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Eliud’s only motivation is beating the clock as he bids to race into history

By Joel Omotto
Friday, October 11th, 2019

Joel Omotto and Agencies

Eliud Kipchoge has nothing to lose. The Kenyan Olympic champion and world marathon record holder will attempt to do something no human has done, run 42km in less than two hours.

Vienna’s Prater public park will not be recognised by the International Association of Athletics Federations (IAAF) so even if he achieves this feat, it will not be a world record. 

For a world record, there must also be other competitors but Kipchoge has no challengers (though Jonathan Korir, Augustine Choge and Gideon Kipketer will act as pacemakers), meaning his attempt will contravene IAAF rules, as there will be 41 athletes providing him with the requisite pace, rotating in and out, as well as protecting him from the wind.

A world record attempt could be valid if the pacers did not rejoin the race, but this is not the case here.

But that is not Kipchoge’s motivation. After all, he is the world record holder and is reported to have pocketed $4 million (Sh400 million) for this challenge christened INEOS 1:59. 

His only motivation is the clock because he is racing against time, 25 seconds to be precise, as this is what he fell short of in his last attempt to break ‘sub-two’ in Monza, Italy in 2017.

“I want to unlock that thought that there are limitations in the human being. There are no barriers when you believe in yourself and try and trust in what you are doing,” Kipchoge told The Associated Press upon the challenge’s launch in May.

His performance, on May 2017, took seven seconds off every mile run by the then-world record holder Dennis Kimetto, yet was still not enough but having done seven months of intense training at the quiet and serene Kaptagat in Nandi, he believes the feat is achievable this time around.

Kipchoge has been eating from crammed benches in a very basic canteen with fellow athletes, sharing gym sessions with up to 30 others, running through the Rift Valley’s clay tracks where school buses and lorries overtook him, and drunk water from an open tap in a field.

The Monza race track—selected because of its flatness, wide bends and a climate which proved warmer and wetter than anticipated—but tomorrow, the optimum humidity for the race will be 80 per cent and the temperature range between seven and 14 C.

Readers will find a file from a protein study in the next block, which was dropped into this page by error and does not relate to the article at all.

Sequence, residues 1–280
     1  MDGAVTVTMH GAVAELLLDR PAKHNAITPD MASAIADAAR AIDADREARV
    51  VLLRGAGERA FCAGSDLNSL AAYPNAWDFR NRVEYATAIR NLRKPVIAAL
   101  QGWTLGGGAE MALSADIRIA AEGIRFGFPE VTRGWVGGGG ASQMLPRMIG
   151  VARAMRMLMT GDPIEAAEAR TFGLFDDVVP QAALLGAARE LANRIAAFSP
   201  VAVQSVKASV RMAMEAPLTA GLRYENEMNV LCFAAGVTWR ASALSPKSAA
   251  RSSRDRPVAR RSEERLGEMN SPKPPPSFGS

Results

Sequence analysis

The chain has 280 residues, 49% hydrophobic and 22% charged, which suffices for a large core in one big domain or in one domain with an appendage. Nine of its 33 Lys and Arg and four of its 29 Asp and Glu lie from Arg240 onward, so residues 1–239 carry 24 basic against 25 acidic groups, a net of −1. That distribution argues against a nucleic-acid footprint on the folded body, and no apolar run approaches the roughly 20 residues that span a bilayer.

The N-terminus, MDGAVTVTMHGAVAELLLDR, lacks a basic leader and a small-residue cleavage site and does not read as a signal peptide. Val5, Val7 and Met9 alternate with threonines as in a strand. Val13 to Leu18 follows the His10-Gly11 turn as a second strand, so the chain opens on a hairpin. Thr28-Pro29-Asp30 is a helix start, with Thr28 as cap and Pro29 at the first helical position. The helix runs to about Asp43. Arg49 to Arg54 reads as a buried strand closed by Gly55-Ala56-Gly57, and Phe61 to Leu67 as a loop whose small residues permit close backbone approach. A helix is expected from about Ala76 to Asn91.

The quality of the air was also taken into consideration with event director Hugh Brasher terming it ‘stunning.’

“Not only does the 4.3km track have stable weather conditions but also has an incline of only 2.4 metres. It is probably the straightest road I’ve ever seen,” he said.

In Monza, the scientific support team was put together by Nike—whose branding levels underlined their desperation to score a commercial coup. 

This time, British billionaire Sir Jim Ratcliffe, through his company Ineos, is funding Kipchoge’s shot at the ‘sub-two’—one of the sport’s great unconquered frontiers.

The athlete in question is 5ft 6in, weighs a mere 9th, yet runs with near-perfect balance and—critically—generates very little lactate, the acid which brings stress to the muscles and turns 13.1 miles an hour into torture.

He will need to sustain a 4:34 minutes per mile pace over the distance to complete the challenge.

As in Monza, there will be a pacer car, set 20 yards ahead of Kipchoge and his phalanx of support runners, which will fire a fluorescent green laser beam onto the road to mark where he needs to be if he is to break two hours. 

The laser will actually be set at a time 10 or 20 seconds below the two-hour mark, ensuring that Kipchoge will be ahead of the target and thus not denied his prize by a stumble.

The pace-setters—all elite marathon and middle-distance runners—will, as in Monza, be swapped in for three or six-mile sections as they cannot keep pace with Kipchoge for longer. Their contribution also obviates any prospect of recognition by the IAAF, which insists that all pace setters must run from the start.

The bicyclists who will draw alongside Kipchoge to provide drinks, another breach of IAAF rules which decree bottles be picked up from tables, have also been rehearsing the simple manoeuvre for months.

As in Monza, Kipchoge will run in the Vaporfly, a shoe containing a highly controversial carbon-fibre plate in the soles, supposedly capable of improving times by one per cent over any other shoe.

But this time it will be the updated Vaporfly Next shoe. And the Kenyan will this time be consuming an energy drink, made by the Swedish company Maurten, which contains more carbohydrates than other such drink and also forms a hydrogel when it reaches the stomach—generating more energy during a marathon without causing gastrointestinal problems. 

Yet more than these products, it is physiology which puts Kipchoge on the cusp of history. His support team say that the fact he has attempted this once before will be significant when it comes to tomorrow’s run, which will finish in the dark, under purpose-built floodlights, because it will be cooler then. -Additional information from Daily Mail and The Independent 

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